Yellow, and black "plates" of a CMYK image.

You can examine each of the individual plates, as you can see in Figure 7.18. Sometimes you'll find that one of them provides a pleasing, although not accurate rendition. For example, the magenta channel provides a splendid rendition of the castle walls, and appears to differentiate among the individual flowers. However, the grass is much too light, and the sky not as dramatic as before.

Figure 7.18. The top row shows the cyan and magenta color channels (left to right) while the bottom row shows the yellow and black channels (left to right).

Figure 7.18. The top row shows the cyan and magenta color channels (left to right) while the bottom row shows the yellow and black channels (left to right).

The cyan plate shows off the sky and clouds, but most of the rest of the image is muddy. The yellow plate renders the grass as almost black and offers little detail elsewhere in the picture. The black plate is what is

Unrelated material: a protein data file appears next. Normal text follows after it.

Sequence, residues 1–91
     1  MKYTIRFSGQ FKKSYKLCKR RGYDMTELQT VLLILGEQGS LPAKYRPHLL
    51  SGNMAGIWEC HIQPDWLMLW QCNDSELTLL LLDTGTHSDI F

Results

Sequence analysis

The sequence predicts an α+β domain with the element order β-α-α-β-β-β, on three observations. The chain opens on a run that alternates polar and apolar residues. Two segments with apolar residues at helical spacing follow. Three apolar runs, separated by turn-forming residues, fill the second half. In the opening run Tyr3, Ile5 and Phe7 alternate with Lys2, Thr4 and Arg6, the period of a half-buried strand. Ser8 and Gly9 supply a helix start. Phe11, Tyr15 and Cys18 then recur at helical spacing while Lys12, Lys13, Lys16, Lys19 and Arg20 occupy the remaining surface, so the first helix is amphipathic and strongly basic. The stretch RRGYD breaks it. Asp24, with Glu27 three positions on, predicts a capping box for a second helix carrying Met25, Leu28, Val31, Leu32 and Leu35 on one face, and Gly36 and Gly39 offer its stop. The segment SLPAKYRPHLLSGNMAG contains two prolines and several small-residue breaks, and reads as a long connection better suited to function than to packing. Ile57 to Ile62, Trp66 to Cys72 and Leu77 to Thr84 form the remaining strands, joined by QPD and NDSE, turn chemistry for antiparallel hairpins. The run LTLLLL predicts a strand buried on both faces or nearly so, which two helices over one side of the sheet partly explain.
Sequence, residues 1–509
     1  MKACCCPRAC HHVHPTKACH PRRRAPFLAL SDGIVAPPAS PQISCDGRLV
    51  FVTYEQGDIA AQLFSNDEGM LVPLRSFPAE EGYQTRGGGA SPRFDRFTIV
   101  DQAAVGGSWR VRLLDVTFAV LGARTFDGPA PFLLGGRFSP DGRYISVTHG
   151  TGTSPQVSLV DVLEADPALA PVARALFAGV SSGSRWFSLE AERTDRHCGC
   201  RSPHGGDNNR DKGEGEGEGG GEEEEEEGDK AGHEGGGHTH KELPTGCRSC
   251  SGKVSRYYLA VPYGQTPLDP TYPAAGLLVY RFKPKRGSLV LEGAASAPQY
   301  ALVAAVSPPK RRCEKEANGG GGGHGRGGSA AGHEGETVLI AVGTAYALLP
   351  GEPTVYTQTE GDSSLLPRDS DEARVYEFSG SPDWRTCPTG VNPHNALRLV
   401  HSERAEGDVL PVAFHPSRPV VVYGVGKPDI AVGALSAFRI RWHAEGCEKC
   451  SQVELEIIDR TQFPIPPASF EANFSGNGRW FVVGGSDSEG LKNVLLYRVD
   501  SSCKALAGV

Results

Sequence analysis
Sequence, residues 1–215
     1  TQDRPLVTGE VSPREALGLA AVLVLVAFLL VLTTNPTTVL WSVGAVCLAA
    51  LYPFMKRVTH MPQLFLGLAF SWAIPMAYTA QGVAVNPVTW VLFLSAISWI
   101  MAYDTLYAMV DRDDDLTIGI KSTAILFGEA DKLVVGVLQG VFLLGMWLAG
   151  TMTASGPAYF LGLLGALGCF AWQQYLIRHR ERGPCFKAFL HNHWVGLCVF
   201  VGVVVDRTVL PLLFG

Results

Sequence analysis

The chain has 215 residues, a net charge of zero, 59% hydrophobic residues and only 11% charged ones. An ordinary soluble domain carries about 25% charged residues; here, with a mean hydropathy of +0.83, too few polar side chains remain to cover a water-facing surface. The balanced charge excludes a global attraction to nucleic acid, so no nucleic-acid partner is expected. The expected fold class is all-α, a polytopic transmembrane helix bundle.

This document iscreated withtrialversionof CHM2PDFPilot2.16.100. detail in the shadows of the wall and darker foliage (as it's supposed to), leaving all the color information for the cyan, magenta, and yellow channels.

If you see a channel you'd like to use, continue on with these steps:

3. Choose Layer > New Adjustment Layer > Channel Mixer. Click on OK in the New Layer dialog box that pops up to create the Channel Mixer adjustment layer.

4. Click the Monochrome box in the Channel Mixer dialog box to direct your changes to a gray channel.

5. Move all the sliders to the 0 centerpoint except for the channel you want to work with. In this case, I moved the Magenta slider to the right until I got a black-and-white image I liked, as shown in Figure 7.19.

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